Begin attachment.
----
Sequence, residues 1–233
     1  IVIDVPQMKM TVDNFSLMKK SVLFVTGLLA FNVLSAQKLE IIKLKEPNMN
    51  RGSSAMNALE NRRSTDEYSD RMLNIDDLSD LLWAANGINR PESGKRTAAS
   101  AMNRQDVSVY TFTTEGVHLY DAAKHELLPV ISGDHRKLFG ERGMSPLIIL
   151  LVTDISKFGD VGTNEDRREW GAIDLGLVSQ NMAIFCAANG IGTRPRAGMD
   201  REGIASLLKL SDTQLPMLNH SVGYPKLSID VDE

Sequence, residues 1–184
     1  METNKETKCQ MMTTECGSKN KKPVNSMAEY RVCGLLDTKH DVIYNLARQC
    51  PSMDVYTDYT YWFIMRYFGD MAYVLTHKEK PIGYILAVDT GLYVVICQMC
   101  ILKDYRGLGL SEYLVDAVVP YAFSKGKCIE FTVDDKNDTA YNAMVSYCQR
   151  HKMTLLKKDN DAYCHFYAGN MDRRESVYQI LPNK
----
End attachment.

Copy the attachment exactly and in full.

Sequence, residues 1–233
     1  IVIDVPQMKM TVDNFSLMKK SVLFVTGLLA FNVLSAQKLE IIKLKEPNMN
    51  RGSSAMNALE NRRSTDEYSD RMLNIDDLSD LLWAANGINR PESGKRTAAS
   101  AMNRQDVSVY TFTTEGVHLY DAAKHELLPV ISGDHRKLFG ERGMSPLIIL
   151  LVTDISKFGD VGTNEDRREW GAIDLGLVSQ NMAIFCAANG IGTRPRAGMD
   201  REGIASLLKL SDTQLPMLNH SVGYPKLSID VDE

Sequence, residues 1–184
     1  METNKETKCQ MMTTECGSKN KKPVNSMAEY RVCGLLDTKH DVIYNLARQC
    51  PSMDVYTDYT YWFIMRYFGD MAYVLTHKEK PIGYILAVDT GLYVVICQMC
   101  ILKDYRGLGL SEYLVDAVVP YAFSKGKCIE FTVDDKNDTA YNAMVSYCQR
   151  HKMTLLKKDN DAYCHFYAGN MDRRESVYQI LPNK